Tuesday, January 5, 2016



Adult fiction
True confession time. I have become someone I never thought I
would see in the mirror: an addict of women written mystery series.
It started harmlessly enough. My gateway author was Jodi Picoult.
When we read My Sister's Keeper for book club I was mesmerized and
went on to her other titles. I rationalized this indulgence by the
ethical questions posed by her work. This probably made me a pushover
when my younger daughter, Katie, clued me in on Lisa Scottoline whose
insights into the legal world and the human heart are intriguing.
Still I could deceive myself until I discovered Sandra Brown's latest
and coveted her previous volumes. I now admit that I really enjoy a
mystery book with believable characters and enough plot twists to keep
me from guessing the outcome. Friction by Sandra Brown really fits
the bill.
Crawford Hunt is a Texas Ranger fighting to regain custody of
his only child, Georgia, from the grandparents who are taking care of
her. His wife had died unexpectedly and tragically, leaving him in no
shape to care for a one-year-old. Now four years later he's cleaned
up his act, undergone court mandated counseling, and decorated a room
in Georgia's favorite color. There's only one problem. The in-laws
are fighting to maintain custody, claiming that's in the best interest
of the child.
Holly Spencer is the presiding judge. She's also head to head
with a sleazy opponent in an upcoming election, determined to keep her
office, to show that her interim appointment was based on ability, not
something more sketchy.
Court is in session, Crawford in the witness seat, when all Hell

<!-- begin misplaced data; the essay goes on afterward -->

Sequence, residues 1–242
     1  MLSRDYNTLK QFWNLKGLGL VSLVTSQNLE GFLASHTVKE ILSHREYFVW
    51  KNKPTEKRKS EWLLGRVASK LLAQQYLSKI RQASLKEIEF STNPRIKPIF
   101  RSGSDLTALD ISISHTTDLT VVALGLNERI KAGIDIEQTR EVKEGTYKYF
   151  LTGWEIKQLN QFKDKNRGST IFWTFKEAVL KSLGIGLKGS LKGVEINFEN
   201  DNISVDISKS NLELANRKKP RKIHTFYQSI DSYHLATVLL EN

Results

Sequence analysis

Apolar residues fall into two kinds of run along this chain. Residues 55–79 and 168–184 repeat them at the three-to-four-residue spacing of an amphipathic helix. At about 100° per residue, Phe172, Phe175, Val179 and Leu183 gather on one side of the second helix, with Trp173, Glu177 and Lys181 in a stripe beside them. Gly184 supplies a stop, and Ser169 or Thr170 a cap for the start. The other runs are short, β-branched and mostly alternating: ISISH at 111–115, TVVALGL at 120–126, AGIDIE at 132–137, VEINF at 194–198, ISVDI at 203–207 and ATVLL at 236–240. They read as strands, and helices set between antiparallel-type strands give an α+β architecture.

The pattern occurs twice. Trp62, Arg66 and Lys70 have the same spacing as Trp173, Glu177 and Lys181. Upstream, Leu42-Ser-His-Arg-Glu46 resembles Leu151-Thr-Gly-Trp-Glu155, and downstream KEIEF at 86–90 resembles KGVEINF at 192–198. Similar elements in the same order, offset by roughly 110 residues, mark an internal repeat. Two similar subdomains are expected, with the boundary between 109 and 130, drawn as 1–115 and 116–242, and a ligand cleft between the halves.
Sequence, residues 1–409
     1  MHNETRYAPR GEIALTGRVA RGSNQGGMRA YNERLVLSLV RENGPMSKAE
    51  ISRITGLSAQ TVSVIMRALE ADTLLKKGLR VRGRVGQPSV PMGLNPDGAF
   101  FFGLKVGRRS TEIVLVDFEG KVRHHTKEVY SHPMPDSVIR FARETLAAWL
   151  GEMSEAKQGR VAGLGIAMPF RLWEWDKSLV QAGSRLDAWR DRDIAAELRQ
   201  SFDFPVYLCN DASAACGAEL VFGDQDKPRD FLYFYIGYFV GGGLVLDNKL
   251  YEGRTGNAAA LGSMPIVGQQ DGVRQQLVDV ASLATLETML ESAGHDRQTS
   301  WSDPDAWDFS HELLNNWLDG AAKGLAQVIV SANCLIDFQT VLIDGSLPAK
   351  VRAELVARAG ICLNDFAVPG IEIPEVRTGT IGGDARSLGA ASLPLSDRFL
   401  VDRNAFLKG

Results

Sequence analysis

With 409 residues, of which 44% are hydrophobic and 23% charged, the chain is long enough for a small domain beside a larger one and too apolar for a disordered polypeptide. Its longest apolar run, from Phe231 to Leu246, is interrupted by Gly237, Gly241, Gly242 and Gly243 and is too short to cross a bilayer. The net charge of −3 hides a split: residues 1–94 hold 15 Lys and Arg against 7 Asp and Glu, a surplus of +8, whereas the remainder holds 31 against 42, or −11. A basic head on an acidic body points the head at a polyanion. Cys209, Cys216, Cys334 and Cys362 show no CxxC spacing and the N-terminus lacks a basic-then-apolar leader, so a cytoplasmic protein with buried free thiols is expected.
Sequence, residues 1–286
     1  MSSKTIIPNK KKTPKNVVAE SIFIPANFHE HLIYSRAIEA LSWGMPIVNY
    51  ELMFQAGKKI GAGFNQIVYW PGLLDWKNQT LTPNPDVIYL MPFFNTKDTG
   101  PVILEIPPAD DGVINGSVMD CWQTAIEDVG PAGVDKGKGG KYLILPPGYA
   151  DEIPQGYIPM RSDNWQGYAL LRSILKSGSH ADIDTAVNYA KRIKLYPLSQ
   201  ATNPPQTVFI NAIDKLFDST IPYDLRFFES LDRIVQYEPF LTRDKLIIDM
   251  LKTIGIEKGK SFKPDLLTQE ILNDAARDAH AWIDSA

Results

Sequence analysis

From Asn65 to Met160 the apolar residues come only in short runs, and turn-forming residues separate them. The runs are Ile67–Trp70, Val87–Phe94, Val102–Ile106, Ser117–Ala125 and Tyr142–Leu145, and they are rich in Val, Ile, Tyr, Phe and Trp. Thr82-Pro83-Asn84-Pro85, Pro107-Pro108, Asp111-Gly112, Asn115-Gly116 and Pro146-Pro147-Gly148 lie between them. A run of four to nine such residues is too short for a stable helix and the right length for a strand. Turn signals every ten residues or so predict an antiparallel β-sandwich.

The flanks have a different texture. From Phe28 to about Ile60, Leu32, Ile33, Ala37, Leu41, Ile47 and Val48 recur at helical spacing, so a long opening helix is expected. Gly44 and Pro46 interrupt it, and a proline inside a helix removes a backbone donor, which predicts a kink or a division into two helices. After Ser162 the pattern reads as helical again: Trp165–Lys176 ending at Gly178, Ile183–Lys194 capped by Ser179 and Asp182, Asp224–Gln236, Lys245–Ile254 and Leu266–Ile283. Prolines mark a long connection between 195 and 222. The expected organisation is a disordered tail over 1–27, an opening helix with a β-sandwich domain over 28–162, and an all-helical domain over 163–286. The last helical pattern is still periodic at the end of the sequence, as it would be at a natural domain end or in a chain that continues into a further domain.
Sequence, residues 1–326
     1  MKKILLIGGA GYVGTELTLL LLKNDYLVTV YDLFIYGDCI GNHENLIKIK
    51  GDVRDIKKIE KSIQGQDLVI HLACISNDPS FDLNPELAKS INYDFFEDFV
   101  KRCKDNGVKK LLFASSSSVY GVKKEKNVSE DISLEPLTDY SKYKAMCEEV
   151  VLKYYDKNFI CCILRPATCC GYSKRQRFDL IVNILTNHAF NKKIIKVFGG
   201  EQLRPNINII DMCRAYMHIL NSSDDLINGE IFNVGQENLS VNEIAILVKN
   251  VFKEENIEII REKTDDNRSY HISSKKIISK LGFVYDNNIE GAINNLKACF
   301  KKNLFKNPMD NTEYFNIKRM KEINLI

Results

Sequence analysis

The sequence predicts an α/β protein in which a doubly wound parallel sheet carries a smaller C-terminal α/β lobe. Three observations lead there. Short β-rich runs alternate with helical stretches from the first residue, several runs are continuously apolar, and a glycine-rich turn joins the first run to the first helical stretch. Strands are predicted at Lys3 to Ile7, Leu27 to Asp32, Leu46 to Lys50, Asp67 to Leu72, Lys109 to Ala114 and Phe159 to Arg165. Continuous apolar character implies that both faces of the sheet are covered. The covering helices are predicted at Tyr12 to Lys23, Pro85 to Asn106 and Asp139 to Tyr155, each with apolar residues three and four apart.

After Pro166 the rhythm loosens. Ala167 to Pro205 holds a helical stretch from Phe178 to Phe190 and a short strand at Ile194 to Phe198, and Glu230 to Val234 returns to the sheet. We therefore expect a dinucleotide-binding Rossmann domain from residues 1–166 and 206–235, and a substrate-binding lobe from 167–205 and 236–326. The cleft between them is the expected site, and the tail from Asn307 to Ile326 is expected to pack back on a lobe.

breaks loose. A grotesquely masked gunman bursts into the courtroom
shooting. A bailiff is killed. Crawford shields Holly with his body
and chases the attacker to the rooftop where the masked man is taken
out by a rooftop sniper.
Only the man in the morgue may not be the shooter. Crawford's
actions, while seen as heroic by many, could play into his father-in-
law's hands, killing his chances of getting custody of Georgia. And
it may be Crawford, rather than Holly, who was the intended target.
Maine has some long cold nights in the winter months. A
favorite chair, a copy of Friction, a hot cup of tea, and, if you're
truly fortunate, a purring lap cat, can be a great remedy for the
January doldrums.
On a personal note, my friends are delighted rather than disappointed
by my new favorite genre, eager to share their favorite authors. I
guess I'm in good company.
A great big shout out goes out to the sisterhood of mystery readers
and the talebted writers writers who keep us happy.
Julia Emily Hathaway

Sent from my iPod

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